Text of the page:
Default Mode Network

In 1924, an enterprising psychiatrist named Hans Berger discovered a means to record the electrical activity of the brain. Though initially dismissed by his peers, Berger’s findings were validated by British electrophysiologists Edgar Douglas Adrian and B.H.C., Matthews in 1934 and gained widespread recognition in 1938. Berger’s electroencephalography (EEG) remains a cornerstone of modern medicine.

In 1929, Berger published a series of paper in which he postulated that the brain was always active. As evidence, he noted that his device recorded electrical oscillations even when subjects were at rest. Yet again, his contemporaries did not take his findings seriously, holding to a strict belief that the brain activated only in response to a targeted activity or thought. The invention of functional magnetic resonance imaging (fMRI) in 1990 provided the means to challenge conventional wisdom and validate Berger’s hypothesis.

default mode networkAn fMRI detects variances in blood flow across brain regions with blood flow being an established proxy for neural activation. A typical experiment would commence by asking subjects to clear their minds, thereby establishing a baseline metric. Once given a focused mental task, scientists would note which areas of the brain lit up in response. To their surprise, they discovered quite a bit of brain activation in the medial frontoparietal network during the resting state. While it became less active during a targeted task (e.g., generating words), the net increase in brain energy resulting from a task proved relatively small. Understandably, this finding launched a series of inquiries into the nature and function of the newly dubbed default mode network (DMN).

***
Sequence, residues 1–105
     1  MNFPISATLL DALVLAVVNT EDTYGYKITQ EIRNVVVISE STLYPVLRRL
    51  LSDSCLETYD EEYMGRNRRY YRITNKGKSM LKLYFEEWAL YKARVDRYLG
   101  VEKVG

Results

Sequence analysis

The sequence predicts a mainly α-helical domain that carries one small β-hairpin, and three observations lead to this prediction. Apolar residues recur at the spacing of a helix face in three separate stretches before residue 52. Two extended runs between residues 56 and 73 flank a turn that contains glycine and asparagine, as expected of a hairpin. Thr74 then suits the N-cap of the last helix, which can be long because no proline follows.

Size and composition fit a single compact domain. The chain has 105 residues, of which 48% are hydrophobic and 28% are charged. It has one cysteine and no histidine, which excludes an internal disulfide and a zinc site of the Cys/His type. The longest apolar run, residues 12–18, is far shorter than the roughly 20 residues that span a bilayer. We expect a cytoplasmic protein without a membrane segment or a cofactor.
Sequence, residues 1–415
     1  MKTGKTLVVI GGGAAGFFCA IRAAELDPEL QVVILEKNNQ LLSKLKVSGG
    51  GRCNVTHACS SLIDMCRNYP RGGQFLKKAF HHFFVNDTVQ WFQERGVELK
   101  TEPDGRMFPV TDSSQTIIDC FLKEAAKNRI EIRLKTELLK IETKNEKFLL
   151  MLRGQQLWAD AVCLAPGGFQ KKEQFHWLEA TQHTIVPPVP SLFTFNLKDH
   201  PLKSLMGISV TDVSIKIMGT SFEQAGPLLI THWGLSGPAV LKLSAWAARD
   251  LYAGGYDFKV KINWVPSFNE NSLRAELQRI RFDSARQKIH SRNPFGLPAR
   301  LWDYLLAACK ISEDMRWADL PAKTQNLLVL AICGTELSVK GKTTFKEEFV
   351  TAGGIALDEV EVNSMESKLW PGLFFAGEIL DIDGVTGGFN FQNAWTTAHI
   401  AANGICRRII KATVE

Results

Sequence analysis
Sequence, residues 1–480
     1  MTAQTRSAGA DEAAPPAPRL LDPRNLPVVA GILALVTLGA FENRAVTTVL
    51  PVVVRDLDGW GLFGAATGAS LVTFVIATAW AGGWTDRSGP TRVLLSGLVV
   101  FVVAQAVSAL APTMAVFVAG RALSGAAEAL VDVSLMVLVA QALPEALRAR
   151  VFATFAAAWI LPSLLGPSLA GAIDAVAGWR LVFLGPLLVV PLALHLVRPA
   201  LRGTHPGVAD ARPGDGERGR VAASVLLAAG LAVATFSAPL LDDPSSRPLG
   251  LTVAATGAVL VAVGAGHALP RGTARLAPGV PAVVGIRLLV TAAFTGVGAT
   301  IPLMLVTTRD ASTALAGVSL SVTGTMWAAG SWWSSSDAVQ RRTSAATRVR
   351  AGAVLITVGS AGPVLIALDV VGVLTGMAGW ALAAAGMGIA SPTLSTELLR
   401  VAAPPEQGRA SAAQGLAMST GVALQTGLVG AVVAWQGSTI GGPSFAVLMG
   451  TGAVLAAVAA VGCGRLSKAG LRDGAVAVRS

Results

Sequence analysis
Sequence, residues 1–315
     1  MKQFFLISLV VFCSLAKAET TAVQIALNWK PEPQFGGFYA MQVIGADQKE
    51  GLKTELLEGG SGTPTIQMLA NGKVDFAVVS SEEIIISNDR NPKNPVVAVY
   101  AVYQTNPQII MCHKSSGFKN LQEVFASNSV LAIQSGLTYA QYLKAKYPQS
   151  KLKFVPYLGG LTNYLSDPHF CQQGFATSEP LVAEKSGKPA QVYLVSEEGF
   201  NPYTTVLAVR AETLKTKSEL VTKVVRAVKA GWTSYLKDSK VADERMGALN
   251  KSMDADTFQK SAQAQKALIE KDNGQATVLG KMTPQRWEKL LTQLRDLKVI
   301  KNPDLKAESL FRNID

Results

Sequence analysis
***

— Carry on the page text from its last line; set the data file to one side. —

Self-reported data from study participants revealed that their minds wandered when demands to engage the external environment relaxed. They thought about past events or future goals and experiences. They daydreamed. They reflected on personal relationships and how they impacted their lives. These findings prompted American psychiatrist, neuroscientist, and author Judson Brewer to describe the DMN as a “narrative network” because it is caught up in self-referential processing, a.k.a. “the story of me.”

Drs. Matthew Killingsworth and Daniel Gilbert explored the frequency with which the DMN activates during waking hours. They gathered a group of test subjects with Smartphones and pinged them randomly throughout the day to capture what they were thinking and doing. It turned out that people engaged in the kind of spontaneous mind wandering associated with the DMN about as much as they were attentive to what was actually happening around them. Moreover, mind wandering was prevalent during all kinds of activities. And here’s the kicker: this behavior pattern did not make them happy.

As noted in an earlier post summarizing Dr. Mihaly Csíkszentmihályi’s book Flow: The Psychology of Optimal Experience, we are happiest when fully engrossed in voluntary activities that stretch our bodies and/or minds to accomplish something worthwhile. Such engagements take us out of “the story of me” and immerse us in a broader narrative that unfolds moment-to-moment. The DMN reasserts itself to the extent that we become bored or distracted.

Much like “flow,” Judson Brewer’s lab has shown that mindfulness meditation correlates with decreased DMN activity, notably in the posterior cingulate cortex. This effect can be induced with a relaxed focus on the breath and disrupted by distraction, a wandering mind, and trying too hard to be mindful.

Experienced meditators evidence less DMN activation and greater happiness than novices. That alone piques my interest. But I’ve surfaced another motivation to become a relaxed, proficient, consistent mindfulness practitioner. Sleep-onset insomnia has dogged me for most of my life. My head hits the pillow, and my brain starts thinking thoughts spontaneously. It can go on for hours. I now understand this phenomenon to be the inner working of my DMN. As such, I’ve started experimenting with mindfulness meditation as a bedtime routine to see if I can make a dent in my sleeplessness. The happiness boost from a less energized DMN combined with a rested body could be sheer delight.